But by the end of the ‘70s, the amalgamation of show biz and politics had become obvious, and “The Candidate” miraculously became readily accessible to the American audience and a standard play on preelection television each year. By the ‘80s, the advertising “image-is-everything” environment was so dominant that I began to get a very different reaction from politicians. When I was in my 40s and met newly elected congressmen in their 30s, they were honored to meet me and would say, to my amazement, “That’s us! That’s the way we are!”

I concede that the congressmen did not necessarily mean that they could be imposed upon and confused like Bill McKay. Most of them were simply being hip, in the manner of suburban yuppies who romanticized the ‘60s and adored the most angry and hostile popular music while leading lives as cogs in the spreading corporate machine. Such people disturbed me, but I noted that “The Candidate” had moved from outside to inside in terms of their self-conceptions.

“The Candidate” brought me two more surprises. One was an Academy Award for best screenplay. Still, a writing award doesn’t mean increased advertising or box office, and the best I could foresee was that the movie would survive as a cult film in the memory of the small circle who got it.

But what really saved the film had to do with the changing nature of American television. Movies in those days were severely edited for TV. This was especially crippling to “The Candidate” because I had put most of the exposition into the mouth of Howard Klein, the media chief (Allen Garfield), who expressed every thought in comic obscenities.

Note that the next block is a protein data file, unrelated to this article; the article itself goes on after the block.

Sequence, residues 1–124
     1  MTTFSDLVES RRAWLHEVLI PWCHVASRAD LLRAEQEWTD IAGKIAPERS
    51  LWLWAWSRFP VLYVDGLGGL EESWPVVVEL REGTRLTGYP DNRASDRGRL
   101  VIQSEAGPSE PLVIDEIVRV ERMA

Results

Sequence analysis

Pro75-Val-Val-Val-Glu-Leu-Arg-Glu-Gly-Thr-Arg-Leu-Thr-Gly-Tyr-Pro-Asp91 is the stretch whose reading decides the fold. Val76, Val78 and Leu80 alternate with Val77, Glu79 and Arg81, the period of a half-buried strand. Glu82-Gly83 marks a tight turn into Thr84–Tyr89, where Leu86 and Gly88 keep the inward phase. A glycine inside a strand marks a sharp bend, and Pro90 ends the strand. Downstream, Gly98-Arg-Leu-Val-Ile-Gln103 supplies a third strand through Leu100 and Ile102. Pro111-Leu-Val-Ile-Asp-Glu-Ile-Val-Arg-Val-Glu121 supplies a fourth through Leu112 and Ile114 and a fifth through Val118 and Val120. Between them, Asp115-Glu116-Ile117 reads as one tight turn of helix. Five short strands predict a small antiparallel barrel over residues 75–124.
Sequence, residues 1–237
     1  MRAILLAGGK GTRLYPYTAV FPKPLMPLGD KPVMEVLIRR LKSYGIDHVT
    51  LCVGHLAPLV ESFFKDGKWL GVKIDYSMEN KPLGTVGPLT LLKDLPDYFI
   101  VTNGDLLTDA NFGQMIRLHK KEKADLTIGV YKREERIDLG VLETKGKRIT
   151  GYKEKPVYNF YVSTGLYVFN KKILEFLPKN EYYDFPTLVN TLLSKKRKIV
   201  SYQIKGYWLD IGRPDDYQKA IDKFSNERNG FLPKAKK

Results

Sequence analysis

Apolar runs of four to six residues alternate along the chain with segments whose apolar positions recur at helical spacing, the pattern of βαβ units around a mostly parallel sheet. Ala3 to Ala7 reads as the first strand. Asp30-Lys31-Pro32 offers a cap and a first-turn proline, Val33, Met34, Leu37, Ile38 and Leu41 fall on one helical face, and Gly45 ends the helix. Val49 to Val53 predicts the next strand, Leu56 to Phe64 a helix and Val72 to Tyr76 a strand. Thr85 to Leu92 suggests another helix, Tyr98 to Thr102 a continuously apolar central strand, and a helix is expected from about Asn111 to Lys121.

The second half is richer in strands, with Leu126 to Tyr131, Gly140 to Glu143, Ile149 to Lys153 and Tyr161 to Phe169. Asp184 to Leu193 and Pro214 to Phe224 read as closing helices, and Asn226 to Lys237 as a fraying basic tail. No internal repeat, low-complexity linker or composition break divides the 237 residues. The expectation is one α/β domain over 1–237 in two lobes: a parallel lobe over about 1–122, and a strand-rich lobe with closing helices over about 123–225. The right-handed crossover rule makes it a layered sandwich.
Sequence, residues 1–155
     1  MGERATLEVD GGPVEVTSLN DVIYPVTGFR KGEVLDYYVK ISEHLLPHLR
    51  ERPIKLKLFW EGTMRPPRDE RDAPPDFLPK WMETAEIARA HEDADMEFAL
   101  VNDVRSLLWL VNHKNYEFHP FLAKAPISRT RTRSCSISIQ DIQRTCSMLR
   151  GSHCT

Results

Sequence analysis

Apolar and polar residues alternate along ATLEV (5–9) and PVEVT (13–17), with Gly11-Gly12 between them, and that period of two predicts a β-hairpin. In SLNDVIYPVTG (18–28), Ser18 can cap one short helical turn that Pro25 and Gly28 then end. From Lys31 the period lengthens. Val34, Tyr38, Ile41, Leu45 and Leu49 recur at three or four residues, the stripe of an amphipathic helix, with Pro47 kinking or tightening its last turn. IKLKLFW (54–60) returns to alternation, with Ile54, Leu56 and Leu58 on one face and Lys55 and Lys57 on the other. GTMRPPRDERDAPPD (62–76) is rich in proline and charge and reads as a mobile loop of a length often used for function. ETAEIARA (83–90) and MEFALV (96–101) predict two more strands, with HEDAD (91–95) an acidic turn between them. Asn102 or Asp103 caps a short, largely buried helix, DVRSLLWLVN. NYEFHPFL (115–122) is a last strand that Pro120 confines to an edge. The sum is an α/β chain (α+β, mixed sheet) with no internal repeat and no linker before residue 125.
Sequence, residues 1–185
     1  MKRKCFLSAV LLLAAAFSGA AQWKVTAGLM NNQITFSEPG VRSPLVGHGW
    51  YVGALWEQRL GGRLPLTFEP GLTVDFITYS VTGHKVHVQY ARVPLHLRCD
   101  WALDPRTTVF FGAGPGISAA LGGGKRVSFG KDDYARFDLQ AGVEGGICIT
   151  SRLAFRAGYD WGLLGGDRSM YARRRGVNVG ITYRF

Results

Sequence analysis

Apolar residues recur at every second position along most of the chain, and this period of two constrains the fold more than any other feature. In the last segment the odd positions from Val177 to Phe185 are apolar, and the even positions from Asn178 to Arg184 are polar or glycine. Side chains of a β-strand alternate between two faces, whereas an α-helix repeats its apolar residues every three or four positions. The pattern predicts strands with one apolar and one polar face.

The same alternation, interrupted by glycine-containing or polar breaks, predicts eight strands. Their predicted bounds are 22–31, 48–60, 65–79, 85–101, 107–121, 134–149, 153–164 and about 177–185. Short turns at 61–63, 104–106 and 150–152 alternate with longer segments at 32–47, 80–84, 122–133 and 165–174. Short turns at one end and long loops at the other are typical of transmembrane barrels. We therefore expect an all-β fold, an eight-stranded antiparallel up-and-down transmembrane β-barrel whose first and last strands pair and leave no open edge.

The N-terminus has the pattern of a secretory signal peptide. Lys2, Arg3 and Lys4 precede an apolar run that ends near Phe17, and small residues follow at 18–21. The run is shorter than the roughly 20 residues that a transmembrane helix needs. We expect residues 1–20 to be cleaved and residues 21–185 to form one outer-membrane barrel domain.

With Garfield almost cut out of the picture, the movie became a string of disconnected campaign events, with no connective tissue to ratchet the pressure that was pushing the story toward a crisis only the election could resolve. I assumed that I’d go down in history as a guy who got an Oscar for a film that was impossible to follow.

Cable changed all that. Among the cultural trends that have debased both movies and politics, we have to be grateful that most movies are now shown in their entirety or mostly so. This put Garfield back into the picture, and ensured that future viewers could at least see the film as its makers intended.

Little did we know that the “good senator” theory about Bill McKay would come back to haunt us in the shape of Sen. Dan Quayle, who loved to tell reporters that he’d seen “The Candidate” countless times and modeled himself after Redford’s character. In the 1988 presidential campaign, when every magazine profile seemed to claim the Quayle-McKay-Redford connection, I wrote an open letter to Quayle, which was printed as an op-ed piece in the New York Times, informing him that “The Candidate” “is not a how-to picture, it’s a watch-out picture. And you’re what we’ve got to watch out for.”

If “The Candidate” has truly become a classic, the reason is that the real-life tactics and attitudes we observed have mushroomed in the era of the permanent presidential campaign. The subsuming of politics into show business, and the shallowness of pop-political stardom are what we have to watch out for. A movie can’t defeat them, any more than we defeated Dan Quayle. But in a culture that can co-opt almost anything and use it to ends that were never intended, I consider us lucky to have done something that seems to grow more and more into its true meaning as it rolls along.